Tennis: Glenwood pair are friends and foes — and champions |

Tennis: Glenwood pair are friends and foes — and champions

Jon Mitchell
Sasha Enewold returns a ball during the NTRP Women's 3.0 Doubles finals in Carbondale Sunday. She paired with Amy Roggie.
Christopher Mullen / Post Independent |

CARBONDALE — Sasha Enewold and Amy Roggie are the best of friends on the tennis court — when they’re playing together, that is.

Then again, there’s not a whole ton of animosity even when the two Glenwood Springs women are on opposite sides of the tennis net. That showed on Sunday at the 17th annual River Valley Ranch Tennis Classic, when the pair played each other in the women’s 3.0 singles championship before teaming up to play in the women’s 3.0 doubles title match.

“Trust me,” Enewold said. “If we’re not giving each other crap, that just means we’re not playing well.”

Enewold and Roggie are just two of the close to 200 tennis players from around Colorado and its surrounding states to descend on the green-clay courts of River Valley Ranch Swimming and Tennis Club for the USTA-sanctioned tournament. Many of the club’s longtime players, along with players who had never played in the tournament before, were part of the field that descended down to the 3.0 playing level and all the way up to the near-expert 5.0 level.

Enewold and Roggie, who play regularly at the Glenwood Springs Community Center, were among such first-time tournament players. That didn’t really matter to the pair, which went into the doubles bracket as the top seed in the nine-team bracket and prevailed 6-2, 6-4 in the title match against Marcia Moore and Kori New, also of Glenwood Springs. In 3.0 singles, Enewold earned straight-set victories over the top-seeded Pam Groves (6-2, 6-0) of Grand Junction and Christie Jensen of Carbondale (6-1, 6-3) before beating Roggie 6-4, 6-4 in the final.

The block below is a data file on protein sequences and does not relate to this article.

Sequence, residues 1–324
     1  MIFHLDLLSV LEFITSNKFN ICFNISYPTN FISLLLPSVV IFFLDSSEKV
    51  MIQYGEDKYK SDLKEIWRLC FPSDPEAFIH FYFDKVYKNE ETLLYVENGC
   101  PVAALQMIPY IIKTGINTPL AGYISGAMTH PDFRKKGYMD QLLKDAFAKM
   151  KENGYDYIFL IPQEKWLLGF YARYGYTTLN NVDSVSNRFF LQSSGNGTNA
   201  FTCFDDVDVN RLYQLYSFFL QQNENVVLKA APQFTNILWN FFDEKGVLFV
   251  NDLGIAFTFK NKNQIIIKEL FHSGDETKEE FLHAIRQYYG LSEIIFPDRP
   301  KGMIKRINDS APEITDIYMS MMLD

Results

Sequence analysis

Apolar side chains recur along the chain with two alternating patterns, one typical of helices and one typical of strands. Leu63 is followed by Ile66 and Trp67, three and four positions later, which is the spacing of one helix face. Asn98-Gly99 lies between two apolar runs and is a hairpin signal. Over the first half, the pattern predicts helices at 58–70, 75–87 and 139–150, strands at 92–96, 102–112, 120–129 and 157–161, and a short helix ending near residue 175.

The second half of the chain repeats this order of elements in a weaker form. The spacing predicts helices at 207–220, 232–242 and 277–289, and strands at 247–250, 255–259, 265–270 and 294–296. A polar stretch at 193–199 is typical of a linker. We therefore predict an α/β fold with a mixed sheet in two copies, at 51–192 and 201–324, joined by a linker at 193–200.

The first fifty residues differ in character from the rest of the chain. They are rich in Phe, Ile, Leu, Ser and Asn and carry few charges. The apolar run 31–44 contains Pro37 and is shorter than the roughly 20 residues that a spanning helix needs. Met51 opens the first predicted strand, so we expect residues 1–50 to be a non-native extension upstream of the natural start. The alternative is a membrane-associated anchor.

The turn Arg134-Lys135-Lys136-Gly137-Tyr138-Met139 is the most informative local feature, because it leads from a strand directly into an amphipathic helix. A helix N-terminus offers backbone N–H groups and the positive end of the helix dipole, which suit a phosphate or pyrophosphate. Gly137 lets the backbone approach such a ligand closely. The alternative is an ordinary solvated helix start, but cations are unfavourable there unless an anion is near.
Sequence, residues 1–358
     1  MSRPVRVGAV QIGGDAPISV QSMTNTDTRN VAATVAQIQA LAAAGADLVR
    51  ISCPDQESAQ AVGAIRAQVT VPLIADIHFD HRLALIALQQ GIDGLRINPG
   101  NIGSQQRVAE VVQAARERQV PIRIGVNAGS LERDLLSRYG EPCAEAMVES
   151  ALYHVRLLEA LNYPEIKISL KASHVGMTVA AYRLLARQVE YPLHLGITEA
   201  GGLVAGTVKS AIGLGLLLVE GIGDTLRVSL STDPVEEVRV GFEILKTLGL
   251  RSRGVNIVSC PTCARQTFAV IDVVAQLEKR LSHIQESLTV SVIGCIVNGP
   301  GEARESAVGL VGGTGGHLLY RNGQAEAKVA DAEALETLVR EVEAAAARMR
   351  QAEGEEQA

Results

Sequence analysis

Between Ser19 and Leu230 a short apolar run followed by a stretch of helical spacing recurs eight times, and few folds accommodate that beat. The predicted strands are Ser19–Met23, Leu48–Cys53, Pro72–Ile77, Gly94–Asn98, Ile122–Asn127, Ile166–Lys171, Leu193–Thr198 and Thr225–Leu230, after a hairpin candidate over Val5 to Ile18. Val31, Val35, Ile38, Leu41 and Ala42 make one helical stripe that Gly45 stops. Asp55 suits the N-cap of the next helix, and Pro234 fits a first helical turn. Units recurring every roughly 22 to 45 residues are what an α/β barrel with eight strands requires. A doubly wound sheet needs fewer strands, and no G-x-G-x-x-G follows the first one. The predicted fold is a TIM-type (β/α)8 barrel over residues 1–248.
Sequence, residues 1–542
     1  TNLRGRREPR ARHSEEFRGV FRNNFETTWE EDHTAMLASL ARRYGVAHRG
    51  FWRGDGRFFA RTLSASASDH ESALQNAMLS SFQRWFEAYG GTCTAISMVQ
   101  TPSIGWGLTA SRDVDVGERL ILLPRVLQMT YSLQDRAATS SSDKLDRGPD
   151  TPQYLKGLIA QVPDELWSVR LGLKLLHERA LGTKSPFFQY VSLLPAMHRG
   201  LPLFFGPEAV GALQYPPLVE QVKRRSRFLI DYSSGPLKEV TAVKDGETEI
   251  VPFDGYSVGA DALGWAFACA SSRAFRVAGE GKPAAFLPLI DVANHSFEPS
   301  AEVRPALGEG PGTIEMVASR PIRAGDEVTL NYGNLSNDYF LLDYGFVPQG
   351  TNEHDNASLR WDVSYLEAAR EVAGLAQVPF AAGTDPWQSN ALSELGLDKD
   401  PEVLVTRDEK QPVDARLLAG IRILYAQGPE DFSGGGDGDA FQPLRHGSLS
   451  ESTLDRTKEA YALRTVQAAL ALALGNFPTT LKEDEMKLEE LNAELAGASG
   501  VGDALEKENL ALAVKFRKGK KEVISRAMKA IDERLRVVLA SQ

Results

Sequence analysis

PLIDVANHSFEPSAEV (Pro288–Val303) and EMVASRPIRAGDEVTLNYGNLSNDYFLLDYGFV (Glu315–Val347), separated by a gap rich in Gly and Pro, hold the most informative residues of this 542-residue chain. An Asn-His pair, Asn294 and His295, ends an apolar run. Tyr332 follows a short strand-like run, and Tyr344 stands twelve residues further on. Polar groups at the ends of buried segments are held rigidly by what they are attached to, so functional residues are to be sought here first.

They playfully jawed at each other during that final, with each consistently quipping when the other made an unreturnable shot. It helped make the atmosphere around the match competitive but fun, with that trend carrying on into the pair’s title match in doubles.

“The only difference is that there, her phenomenal shots go for me, not against me,” Roggie said, laughing.

There wasn’t too much that went against Carbondale couple Paul and Patti Dudley, who claimed their second consecutive championship in the mixed 4.0 doubles bracket with their 6-2, 6-3 win over Daniel Dennison of New Castle and Kerri Heyl of Glenwood.

Paul not only won that honor, but at nearly 74-years-old also claimed the title as the tournament’s oldest player. He and Patti, 61, didn’t play like that on Sunday, consistently returning volleys from awkward positions en route to taking a commanding early lead in both sets.

Some of it, Paul said, was attributed to playing their opponent’s back line throughout the match. That left nearly all the returns late in the first set for Heyl and limited return opportunities for Dennison, who showed plenty of power during the match.

“Playing on the back line … is how you’re supposed to play all the time,” Paul said. “But we communicate well, too, so we can adjust if we need to.”

The victory at the tournament’s top level came courtesy of Bryan Mehall, who won the men’s 5.0 tournament title with a convincing 6-2, 6-0 victory over Andrew Gunberg of Grand Junction.

Another Glenwood resident who won a singles title was Phyllis Zilm, who beat top-seeded Brittany Biebel of Carbondale 6-4, 6-1 in the women’s 4.5 singles final. Zilm this past spring retired from her position as Glenwood Springs High School’s girls golf coach following close to two decades at the school. Also winning was Julie Myers of Snowmass, who won a pair of matches to win a round-robin field in women’s 4.0 singles.

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